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Succession planning: Practice what you preach


Brent Willeford, Director – Internal Practice Development with Waddell & Reed, Inc.

Great Practice Solutions

As an advisor, it’s a situation you might be familiar with: a grieving family burdened with the consequences of the financial decisions – or lack thereof – of their deceased loved one. It’s part of the planning process you pay particular attention to with your clients. But do you have these types of decisions in place for yourself and your practice? Planning for the continuity and sale of your practice provides direction and peace of mind for you, your family and your clients. The Waddell & Reed Practice Development Team helps advisors create succession plans that can be implemented within 30 days by following these six steps:

  1. Value your practice.

Typically, a buyer will undervalue the book while the seller overvalues it. The actual value usually lies somewhere in between, and the negotiating period (step 3) can eat a big chunk out of the sale process. A CPA may be able to help you determine a valuation range on your book of business. There are also service providers who specialize in valuation for a fee. Waddell & Reed advisors can engage the Practice Development Team for help facilitating this process.

  1. Identify a buyer.

It is critical to identify someone with the capabilities to handle your practice. You can accomplish this by grooming a successor through your practice, teaming with another advisor or offering your practice for sale and identifying interested parties. Regardless of the methodology, make sure the purchasing advisor is a good fit for your clients and your practice. Putting these pieces in place now may allow you to have more options at the time of selling your book. It also leaves your clients in the hands of someone they are already familiar with.

  1. Negotiate.

Once you’ve determined your valuation range, it’s time to take it to the selected buyer and begin negotiations. Understanding the financial aspects of your book isn’t about the gross revenue of the book – though that can impact grid position – but more about the earnings it has produced. Providing a five-year cash flow statement to the buyer offers quick insight into the financial mechanics of your book. Building the recurring revenue – asset management fees, planning fees that are charged yearly, automatic investments, etc. – provides the most consistent evidence of steady revenue. This warrants a higher multiple in a valuation formula than any other form of revenue. A long history of consistent, nonrecurring revenue – investment sales, insurance sales and one-time planning fees, for example – may also warrant higher multiples. However, when selling a book, you should understand and be able to explain the nature of your nonrecurring revenue and prove its consistency if you hope to earn a premium. A book that doesn’t have a history of consistent recurring revenue may warrant a lower multiple or even no consideration in the valuation, depending on the case.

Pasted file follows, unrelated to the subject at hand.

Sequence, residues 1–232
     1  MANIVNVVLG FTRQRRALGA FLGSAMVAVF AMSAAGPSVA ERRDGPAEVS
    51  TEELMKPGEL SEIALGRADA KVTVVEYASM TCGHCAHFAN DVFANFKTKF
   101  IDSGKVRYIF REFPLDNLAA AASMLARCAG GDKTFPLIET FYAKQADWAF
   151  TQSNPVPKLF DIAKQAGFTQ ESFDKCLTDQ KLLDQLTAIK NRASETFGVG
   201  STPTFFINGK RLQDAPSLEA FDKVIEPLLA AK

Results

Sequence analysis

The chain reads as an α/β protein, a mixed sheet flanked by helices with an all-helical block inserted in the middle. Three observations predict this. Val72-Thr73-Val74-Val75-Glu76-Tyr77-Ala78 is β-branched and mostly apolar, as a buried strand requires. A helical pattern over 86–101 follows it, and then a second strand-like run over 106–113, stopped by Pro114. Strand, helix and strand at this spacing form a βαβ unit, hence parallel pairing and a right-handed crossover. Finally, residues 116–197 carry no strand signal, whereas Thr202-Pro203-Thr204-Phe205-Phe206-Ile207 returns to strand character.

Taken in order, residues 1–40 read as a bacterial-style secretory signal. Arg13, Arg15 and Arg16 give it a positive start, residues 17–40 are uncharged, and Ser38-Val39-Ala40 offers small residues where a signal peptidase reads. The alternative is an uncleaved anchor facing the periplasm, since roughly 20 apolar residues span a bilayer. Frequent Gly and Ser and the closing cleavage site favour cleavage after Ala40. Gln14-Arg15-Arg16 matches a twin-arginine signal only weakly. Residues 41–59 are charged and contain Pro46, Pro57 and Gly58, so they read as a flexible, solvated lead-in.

1. Do Your Due Diligence.

As you begin to research, ask yourself two questions: Do I want this person to buy my practice and work with my clients; and are they able to pay me based on the terms we agree upon during the negotiation phase? Making sure the purchaser is financially stable is important and may involve asking for a credit report and financial statements.

  1. Strike the Deal.

Once you reach an agreed upon valuation for the practice, the remaining terms of the deal must be considered. Figuring out the length of the payment period, down payment, protection clauses for both sides, insurance amounts, and the legal language can happen quickly. In most cases, the details will be discussed during the practice valuation and due diligence processes. Both sides should talk with legal counsel to put the details of what they’d like in the final agreement. For the selling advisor, the details on payment timing and methodology, protection against default by the buyer and collateralization may be points that need to be covered in the agreement. Thorough discussion of the aspects most important to each party creates an environment that protects both sides.

  1. Create the Succession Agreement.

The actual legal agreement between the two parties simply contains the aspects agreed to during the negotiation process. The Waddell & Reed Practice Development Team offers affiliated advisors a succession planning template to help them through this step. If your firm doesn’t offer a template, you should consult legal and tax advisors during this phase. The details of the deal should be layered in writing that satisfies both sides. Once this part of the agreement is complete, the document should be sent through legal and compliance departments for review. Once approved, the agreement will be ready to execute.

Taking the time to plan and prepare for the future of your clients and beneficiaries is one of the most valuable acts you can do for them. Don’t put it off any longer.

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